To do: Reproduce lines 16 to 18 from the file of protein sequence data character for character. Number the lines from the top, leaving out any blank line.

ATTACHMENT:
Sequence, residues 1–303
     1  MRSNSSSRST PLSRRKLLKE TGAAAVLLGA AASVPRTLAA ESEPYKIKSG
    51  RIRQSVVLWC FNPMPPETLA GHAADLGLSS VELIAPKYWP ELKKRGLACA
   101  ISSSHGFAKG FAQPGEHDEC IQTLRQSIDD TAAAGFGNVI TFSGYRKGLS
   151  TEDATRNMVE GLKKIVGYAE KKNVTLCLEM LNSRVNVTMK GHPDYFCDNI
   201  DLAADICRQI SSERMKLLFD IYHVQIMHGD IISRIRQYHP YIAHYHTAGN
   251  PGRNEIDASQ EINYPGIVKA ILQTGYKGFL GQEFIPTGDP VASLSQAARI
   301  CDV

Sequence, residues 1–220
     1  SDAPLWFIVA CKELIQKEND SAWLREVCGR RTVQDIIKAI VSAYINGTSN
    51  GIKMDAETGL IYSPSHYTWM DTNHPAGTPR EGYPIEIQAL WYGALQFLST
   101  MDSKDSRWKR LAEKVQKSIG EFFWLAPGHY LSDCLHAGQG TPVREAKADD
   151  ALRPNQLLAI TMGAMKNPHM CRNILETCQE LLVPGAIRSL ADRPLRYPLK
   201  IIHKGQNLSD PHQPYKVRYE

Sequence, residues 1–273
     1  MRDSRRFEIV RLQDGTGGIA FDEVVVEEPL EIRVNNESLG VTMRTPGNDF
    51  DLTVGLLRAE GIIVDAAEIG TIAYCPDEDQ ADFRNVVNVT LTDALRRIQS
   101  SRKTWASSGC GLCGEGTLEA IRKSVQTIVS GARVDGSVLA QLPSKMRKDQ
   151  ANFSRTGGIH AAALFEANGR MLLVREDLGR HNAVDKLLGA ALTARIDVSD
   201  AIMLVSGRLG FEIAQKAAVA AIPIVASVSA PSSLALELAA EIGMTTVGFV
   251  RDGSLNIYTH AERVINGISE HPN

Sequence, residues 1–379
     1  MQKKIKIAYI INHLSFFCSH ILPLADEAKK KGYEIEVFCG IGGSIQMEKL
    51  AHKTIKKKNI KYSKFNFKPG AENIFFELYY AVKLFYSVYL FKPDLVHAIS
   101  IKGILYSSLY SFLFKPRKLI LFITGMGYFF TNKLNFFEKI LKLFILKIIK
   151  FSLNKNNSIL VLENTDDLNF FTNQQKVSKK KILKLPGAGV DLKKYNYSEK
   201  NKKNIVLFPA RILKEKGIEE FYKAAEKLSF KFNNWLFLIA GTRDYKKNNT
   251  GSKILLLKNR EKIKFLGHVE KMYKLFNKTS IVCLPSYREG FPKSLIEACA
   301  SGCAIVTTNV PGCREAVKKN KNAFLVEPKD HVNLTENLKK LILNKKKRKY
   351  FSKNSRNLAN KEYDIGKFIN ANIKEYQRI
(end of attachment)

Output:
     1  MRDSRRFEIV RLQDGTGGIA FDEVVVEEPL EIRVNNESLG VTMRTPGNDF
    51  DLTVGLLRAE GIIVDAAEIG TIAYCPDEDQ ADFRNVVNVT LTDALRRIQS
   101  SRKTWASSGC GLCGEGTLEA IRKSVQTIVS GARVDGSVLA QLPSKMRKDQ